In 1974, at the age of 13, Michael J. Cooper won his first sailing championship in Toronto. And at this very young age he quickly learned that if you’re good at something, people treat you better. You become influential.
But the real lesson came when he and colleague Jason Lester started making money by cleaning and taking care of other people’s boats. What Michael learned was that different professions seemed to attract, or perhaps cultivate, different personalities.
The doctors weren’t the best customers. They weren’t that engaged. And they weren’t that personable. The lawyers were marginally better, but even then they weren’t like the business people. The business people were engaging and overall better customers.
But then, in Michael’s words, you got to the real estate people. Now, they were charismatic. These are the people that Michael wanted to hang around. They were funny and interesting. They were the people that young Michael admired. His career wasn’t a direct line to real estate, but this early experience would later impact its trajectory.
Like David Wex (previous BARED post), Michael started out as a lawyer. He went through law school and loved every minute of it. He found it conceptually fascinating. It was a different way of thinking. But after his first day working in a firm, he said to himself: “I can’t believe lawyers do this for a living!”
He quickly discovered that his personality wasn’t a good fit for law. Michael framed it to me in the following way: “I asked myself, was I going to be an airline pilot or a baseball player? As an airline pilot, like a lawyer, my job would be trying to be 100% mistake proof. However, as a baseball player, I could make audacious plays, only be right 30% of the time, and still be considered excellent.”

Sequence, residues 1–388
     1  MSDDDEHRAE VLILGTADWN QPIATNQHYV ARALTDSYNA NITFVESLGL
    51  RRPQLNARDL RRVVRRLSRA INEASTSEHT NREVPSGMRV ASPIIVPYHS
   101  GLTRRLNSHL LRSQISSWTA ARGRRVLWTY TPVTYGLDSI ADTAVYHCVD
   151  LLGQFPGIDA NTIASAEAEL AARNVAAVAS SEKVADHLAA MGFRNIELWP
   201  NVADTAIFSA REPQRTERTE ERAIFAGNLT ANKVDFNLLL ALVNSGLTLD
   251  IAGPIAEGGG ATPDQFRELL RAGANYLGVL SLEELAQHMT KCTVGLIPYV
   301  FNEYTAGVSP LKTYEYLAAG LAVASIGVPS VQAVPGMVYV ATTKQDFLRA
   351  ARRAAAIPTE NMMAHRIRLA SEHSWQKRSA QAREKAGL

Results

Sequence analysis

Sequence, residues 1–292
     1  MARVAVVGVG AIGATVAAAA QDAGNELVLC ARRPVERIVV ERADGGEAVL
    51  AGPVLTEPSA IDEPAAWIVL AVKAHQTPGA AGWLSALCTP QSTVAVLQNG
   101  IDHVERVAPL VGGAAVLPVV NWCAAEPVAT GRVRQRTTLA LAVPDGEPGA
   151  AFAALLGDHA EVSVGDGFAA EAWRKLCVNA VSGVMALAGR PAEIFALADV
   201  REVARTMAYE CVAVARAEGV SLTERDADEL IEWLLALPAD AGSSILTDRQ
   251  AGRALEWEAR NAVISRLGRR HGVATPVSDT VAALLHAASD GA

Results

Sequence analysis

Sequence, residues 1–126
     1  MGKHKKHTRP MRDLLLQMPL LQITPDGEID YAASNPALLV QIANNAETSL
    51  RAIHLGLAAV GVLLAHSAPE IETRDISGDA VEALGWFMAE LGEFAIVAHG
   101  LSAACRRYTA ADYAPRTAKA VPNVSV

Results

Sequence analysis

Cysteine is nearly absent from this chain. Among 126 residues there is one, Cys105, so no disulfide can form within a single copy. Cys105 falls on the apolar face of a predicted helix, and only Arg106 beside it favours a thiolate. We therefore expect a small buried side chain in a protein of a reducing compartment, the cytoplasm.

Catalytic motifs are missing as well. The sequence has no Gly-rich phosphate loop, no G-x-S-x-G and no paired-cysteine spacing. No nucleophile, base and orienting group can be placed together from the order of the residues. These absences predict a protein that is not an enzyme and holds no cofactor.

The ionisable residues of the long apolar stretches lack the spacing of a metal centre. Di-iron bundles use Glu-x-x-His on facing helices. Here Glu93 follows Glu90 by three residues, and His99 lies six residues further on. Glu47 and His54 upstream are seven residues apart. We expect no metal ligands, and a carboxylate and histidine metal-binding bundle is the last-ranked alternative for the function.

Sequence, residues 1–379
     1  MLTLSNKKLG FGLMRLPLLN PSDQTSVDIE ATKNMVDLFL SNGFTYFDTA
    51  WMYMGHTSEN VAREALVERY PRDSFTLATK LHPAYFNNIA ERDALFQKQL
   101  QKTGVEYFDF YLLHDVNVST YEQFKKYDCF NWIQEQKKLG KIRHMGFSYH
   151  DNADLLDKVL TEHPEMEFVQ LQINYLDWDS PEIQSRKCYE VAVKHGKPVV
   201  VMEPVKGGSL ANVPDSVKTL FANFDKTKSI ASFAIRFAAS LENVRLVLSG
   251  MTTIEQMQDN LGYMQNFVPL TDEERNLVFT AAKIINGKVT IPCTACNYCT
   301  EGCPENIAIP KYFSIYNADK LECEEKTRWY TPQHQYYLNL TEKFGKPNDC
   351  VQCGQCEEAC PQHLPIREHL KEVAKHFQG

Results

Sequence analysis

He wanted to be a baseball player.
I would argue that most entrepreneurial minds think of themselves more as baseball players than as airline pilots. Billionaire Mark Cuban has famously said: “All that matters in business is that you get it right once. Then everyone can tell you how lucky you are.” Nobody remembers all of the failures.
So Michael decided to go back to school, get an MBA, and figure out a way to do the most exciting thing possible – which in his words was “ABL, baby!” (Anything But Law!)
In order to complete his MBA and not put himself deeply in debt, he decided to “pull a George Costanza.” Meaning, he continued to work full-time, but he also enrolled at the Schulich School of Business full-time. He would simply come into the office in the morning, put down a cup of steaming coffee, and then take off to class.
Anything but law, baby.
Upon graduating and upon reflecting on his childhood experience cleaning boats, he decided that real estate was the most exciting thing he could get into. So he drafted up a bunch of letters and sent them over cold to 10 different real estate developers. His offer was that he would work for free. (He had the ability to do this because of his clever George Costanza-like employment moves.)
As luck would have it, he ended up getting a job with a man whose boat he had washed as a teenager. It was a man by the name of Walter Zwig. Walter Zwig had a 50-year real estate career in Toronto. He was responsible for developing over six million square feet of space in 13 downtown Toronto office towers, before eventually selling his portfolio to Olympia & York Properties; the legendary Toronto-based development company started by Paul Reichmann and his brothers. It was alleged to be largest development company in the world before going bankrupt.
Michael started in 1986 and he would eventually work for Walter until 1993. However, Walter didn’t want him to work for free so he started him at $1,000 per month.